For a few more years, Einstein continued to work at the Patent Office. He then moved into a university teaching post. He taught at Prague and Zurich, and ended up teaching in his old polytechnic. In 1913 he returned to Germany. He was made director of the Kaiser Wilhelm Institute for Physics in Berlin. He was also a professor at the University of Berlin. Einstein had left the Patent Office far behind.
He continued to work on his new view of space and time. Then in 1916 he published the General Theory of Relativity. It caused a sensation.
For over 200 years, Newton’s theory of gravity had been used to describe how things fall to Earth and how planets orbit the Sun. But it did not always give the orbits exactly. There was a particular problem with Mercury’s orbit, which did not quite fit. And there was another problem: Newton did not really explain gravity. He just said that things attract each other.
Einstein’s General Relativity showed that space and time are very closely linked. We should really think of them together, as space-time. Einstein showed how any object with mass changes the space-time around it, rather like a ball creates a curve in a rubber sheet it is sitting on. This curving of space and time is felt as gravity.
The idea seemed incredible, but it solved all the problems with the planetary orbits. And like all good theories in science, General Relativity made predictions that could be tested. If Einstein’s ideas were right, then the light of a star appearing behind the Sun would be bent by the Sun’s mass. This could only be tested during a solar eclipse, when the Sun’s dazzling disc was hidden. There was an eclipse in 1919. Across the world, people waited eagerly as Einstein’s theory was put to the test. His prediction proved to be right.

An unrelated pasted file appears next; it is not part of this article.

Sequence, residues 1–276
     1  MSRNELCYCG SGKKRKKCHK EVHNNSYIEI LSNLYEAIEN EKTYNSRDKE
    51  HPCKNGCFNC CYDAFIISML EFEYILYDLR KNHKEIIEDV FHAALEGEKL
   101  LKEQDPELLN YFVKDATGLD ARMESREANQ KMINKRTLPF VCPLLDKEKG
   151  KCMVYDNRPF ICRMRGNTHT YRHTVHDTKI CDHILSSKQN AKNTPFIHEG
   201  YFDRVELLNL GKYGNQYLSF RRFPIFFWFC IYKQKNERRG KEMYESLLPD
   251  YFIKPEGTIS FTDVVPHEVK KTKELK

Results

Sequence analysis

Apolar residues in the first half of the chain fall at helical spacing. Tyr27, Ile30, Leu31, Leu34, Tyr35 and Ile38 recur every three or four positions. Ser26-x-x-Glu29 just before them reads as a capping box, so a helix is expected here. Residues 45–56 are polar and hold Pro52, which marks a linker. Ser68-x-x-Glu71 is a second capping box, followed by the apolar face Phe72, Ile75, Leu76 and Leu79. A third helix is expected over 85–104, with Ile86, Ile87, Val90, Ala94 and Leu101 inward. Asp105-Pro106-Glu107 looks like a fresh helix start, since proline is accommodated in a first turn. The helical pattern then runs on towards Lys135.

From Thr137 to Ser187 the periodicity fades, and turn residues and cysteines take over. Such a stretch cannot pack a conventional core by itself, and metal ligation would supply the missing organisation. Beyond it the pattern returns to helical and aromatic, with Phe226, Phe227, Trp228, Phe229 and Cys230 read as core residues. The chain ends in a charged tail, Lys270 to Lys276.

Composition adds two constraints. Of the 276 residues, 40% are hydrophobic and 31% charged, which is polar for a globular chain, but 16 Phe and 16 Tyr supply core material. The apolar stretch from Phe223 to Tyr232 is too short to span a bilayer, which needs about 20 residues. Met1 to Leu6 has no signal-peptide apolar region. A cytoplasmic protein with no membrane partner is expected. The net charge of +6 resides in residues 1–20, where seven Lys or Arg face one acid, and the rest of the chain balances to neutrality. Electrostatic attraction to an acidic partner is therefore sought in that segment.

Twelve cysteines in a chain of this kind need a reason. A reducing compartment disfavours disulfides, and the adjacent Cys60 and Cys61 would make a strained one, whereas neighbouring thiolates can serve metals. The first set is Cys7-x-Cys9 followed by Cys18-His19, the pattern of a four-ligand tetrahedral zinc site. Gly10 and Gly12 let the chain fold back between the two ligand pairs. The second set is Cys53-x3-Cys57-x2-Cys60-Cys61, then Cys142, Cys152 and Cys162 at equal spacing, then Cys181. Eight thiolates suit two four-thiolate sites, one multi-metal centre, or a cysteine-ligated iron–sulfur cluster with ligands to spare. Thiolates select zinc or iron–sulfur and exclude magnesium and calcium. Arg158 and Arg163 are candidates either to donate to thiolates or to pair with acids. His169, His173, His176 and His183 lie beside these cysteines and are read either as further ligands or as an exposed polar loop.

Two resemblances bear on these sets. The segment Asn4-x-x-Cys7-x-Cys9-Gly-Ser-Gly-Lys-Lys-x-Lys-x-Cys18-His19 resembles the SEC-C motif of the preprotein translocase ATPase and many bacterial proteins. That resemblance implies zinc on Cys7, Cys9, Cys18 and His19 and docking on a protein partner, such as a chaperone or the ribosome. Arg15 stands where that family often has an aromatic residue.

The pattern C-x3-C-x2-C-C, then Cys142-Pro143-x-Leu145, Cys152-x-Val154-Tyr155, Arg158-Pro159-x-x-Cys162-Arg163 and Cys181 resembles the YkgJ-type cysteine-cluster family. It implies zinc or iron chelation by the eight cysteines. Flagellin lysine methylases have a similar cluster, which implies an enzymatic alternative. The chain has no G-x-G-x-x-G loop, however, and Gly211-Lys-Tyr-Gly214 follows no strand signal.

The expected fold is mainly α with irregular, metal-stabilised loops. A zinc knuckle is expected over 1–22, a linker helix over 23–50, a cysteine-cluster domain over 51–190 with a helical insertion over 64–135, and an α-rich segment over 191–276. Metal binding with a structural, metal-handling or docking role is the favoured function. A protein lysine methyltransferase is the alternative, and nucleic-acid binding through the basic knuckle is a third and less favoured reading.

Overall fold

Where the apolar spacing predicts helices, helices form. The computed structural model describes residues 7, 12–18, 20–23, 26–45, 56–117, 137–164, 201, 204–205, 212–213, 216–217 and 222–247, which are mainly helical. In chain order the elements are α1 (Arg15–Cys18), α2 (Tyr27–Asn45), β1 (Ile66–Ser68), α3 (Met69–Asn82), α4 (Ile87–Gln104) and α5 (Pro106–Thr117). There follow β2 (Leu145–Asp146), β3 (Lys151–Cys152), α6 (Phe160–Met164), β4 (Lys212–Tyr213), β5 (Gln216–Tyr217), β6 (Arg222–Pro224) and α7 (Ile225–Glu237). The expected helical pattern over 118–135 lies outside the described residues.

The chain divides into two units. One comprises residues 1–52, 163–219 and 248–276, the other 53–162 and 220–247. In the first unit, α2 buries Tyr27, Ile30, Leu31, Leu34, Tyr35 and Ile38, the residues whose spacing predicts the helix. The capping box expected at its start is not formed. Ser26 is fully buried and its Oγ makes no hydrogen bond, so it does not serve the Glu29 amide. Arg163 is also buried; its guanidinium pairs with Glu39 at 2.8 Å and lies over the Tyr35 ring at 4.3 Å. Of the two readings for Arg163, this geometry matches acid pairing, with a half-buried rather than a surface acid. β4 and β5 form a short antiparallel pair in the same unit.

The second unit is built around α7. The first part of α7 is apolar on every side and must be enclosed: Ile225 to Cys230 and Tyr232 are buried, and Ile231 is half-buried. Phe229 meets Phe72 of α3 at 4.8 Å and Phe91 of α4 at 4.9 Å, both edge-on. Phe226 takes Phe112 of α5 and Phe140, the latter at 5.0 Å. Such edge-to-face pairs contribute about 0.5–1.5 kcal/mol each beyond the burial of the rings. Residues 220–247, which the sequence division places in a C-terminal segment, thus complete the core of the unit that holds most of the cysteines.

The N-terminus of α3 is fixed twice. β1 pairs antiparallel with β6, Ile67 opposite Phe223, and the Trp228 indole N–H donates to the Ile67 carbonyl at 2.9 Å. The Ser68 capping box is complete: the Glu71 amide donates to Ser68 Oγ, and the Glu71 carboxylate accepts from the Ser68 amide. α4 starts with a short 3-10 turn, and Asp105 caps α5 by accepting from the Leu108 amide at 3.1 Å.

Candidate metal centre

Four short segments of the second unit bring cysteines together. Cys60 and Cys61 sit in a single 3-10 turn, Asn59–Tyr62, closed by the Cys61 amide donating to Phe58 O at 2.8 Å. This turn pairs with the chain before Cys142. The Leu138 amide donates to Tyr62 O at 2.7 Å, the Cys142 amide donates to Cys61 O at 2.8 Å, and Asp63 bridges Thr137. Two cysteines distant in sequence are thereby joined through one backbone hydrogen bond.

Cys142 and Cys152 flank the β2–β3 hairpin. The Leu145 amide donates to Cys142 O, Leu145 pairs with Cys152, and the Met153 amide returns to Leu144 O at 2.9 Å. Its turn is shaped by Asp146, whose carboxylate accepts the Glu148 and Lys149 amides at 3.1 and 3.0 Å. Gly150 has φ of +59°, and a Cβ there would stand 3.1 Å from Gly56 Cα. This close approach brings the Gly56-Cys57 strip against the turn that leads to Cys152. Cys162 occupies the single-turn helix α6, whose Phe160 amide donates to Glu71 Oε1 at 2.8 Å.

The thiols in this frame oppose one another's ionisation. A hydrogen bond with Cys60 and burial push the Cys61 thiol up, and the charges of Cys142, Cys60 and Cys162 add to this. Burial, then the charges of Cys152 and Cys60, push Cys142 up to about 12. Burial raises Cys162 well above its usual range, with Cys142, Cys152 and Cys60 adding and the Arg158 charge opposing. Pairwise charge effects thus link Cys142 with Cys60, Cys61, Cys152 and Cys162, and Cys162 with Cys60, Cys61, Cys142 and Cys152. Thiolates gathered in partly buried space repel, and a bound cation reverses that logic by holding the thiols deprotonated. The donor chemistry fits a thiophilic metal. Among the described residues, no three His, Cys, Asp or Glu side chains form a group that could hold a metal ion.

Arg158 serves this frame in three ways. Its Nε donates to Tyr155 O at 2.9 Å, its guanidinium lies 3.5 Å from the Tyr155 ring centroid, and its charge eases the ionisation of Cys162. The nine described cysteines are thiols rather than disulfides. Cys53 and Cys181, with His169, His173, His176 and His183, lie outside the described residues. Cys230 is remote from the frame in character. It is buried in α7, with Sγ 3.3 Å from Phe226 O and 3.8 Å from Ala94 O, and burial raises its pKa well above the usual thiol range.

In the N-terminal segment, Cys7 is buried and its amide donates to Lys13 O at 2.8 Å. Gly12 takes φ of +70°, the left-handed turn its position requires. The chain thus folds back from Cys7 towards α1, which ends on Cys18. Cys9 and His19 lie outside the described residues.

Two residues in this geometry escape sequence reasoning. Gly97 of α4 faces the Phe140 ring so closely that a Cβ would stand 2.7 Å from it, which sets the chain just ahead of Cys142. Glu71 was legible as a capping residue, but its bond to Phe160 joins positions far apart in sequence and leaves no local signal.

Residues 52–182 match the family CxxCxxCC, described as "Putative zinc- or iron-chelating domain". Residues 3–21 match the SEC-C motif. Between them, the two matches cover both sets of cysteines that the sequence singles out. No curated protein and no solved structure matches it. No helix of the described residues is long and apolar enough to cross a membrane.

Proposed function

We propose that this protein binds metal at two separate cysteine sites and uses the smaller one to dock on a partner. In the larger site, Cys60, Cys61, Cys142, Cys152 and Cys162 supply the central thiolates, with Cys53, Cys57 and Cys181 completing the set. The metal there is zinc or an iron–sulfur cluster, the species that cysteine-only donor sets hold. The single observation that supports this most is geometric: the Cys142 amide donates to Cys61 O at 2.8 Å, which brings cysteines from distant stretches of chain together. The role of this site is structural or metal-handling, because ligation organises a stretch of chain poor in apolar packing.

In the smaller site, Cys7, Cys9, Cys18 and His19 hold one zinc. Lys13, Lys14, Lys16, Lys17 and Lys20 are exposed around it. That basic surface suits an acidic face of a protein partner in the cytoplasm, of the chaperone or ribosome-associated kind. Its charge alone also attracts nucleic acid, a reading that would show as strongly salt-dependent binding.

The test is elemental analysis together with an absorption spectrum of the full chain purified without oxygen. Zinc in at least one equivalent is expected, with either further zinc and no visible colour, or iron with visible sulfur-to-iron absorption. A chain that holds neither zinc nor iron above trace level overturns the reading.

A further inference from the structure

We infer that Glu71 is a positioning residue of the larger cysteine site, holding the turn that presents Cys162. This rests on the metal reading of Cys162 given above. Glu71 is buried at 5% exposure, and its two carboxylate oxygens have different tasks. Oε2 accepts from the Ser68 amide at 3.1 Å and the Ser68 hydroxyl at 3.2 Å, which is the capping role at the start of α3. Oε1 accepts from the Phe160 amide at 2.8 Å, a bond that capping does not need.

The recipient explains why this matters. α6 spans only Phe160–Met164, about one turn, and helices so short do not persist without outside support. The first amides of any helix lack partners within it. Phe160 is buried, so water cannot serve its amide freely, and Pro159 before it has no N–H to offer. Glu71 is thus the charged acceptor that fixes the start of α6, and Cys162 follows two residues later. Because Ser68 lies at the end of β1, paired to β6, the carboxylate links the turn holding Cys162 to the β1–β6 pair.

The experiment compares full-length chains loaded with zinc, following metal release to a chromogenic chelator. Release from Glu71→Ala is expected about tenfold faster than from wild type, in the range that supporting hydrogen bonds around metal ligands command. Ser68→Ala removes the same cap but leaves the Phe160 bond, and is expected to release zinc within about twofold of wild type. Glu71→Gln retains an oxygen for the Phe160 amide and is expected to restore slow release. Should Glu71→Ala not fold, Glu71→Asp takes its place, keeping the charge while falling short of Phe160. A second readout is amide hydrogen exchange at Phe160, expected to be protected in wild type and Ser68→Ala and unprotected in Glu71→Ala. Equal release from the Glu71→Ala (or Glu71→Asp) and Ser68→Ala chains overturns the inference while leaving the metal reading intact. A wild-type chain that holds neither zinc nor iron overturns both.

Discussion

Einstein became very famous. He was surrounded by photographers and newspaper reporters, and showered with honours. In 1921 he was awarded the Nobel Prize for Physics.
WAR AND AMERICA
Einstein had strong beliefs about politics. He spoke out against Germany’s role in World War I. At that time he was a pacifist—someone who is against all war.
Later, his beliefs changed. Einstein was Jewish. He was involved in the movement (called Zionism) to create a state of Israel where Jews from all over the world could settle. Even though he was now a celebrated scientist, he was hated by those who hated all Jewish people. When Adolf Hitler and the Nazis came to power in Germany in 1933, Einstein left for the United States.
Though he had been a pacifist in World War I, Einstein believed that Hitler had to be stopped. Like others, he was worried that Hitler might be developing a powerful new kind of bomb—the atomic bomb. But in the end it was the United States that used two atomic bombs against Japan in 1945. After World War II, Einstein took part in campaigns demanding that all atomic bombs, now known as nuclear weapons, should be removed.
In the United States, Einstein joined the Institute for Advanced Study in Princeton, New Jersey. He was by now the most famous scientist in the world. He still kept working to try to find an even grander theory than his relativity—one that would bring together all the forces we know about.
There were other developments in physics. New ideas were spreading about the way tiny particles far smaller than atoms behave. The world of the very small—the quantum world—was turning out to be amazing too. But Einstein could not accept these new thoughts, although he had suggested startling ideas himself. He tried to develop his theory without them. And in this he failed.
Albert Einstein died at Princeton on April 18, 1955. His work had changed the way we understand the universe.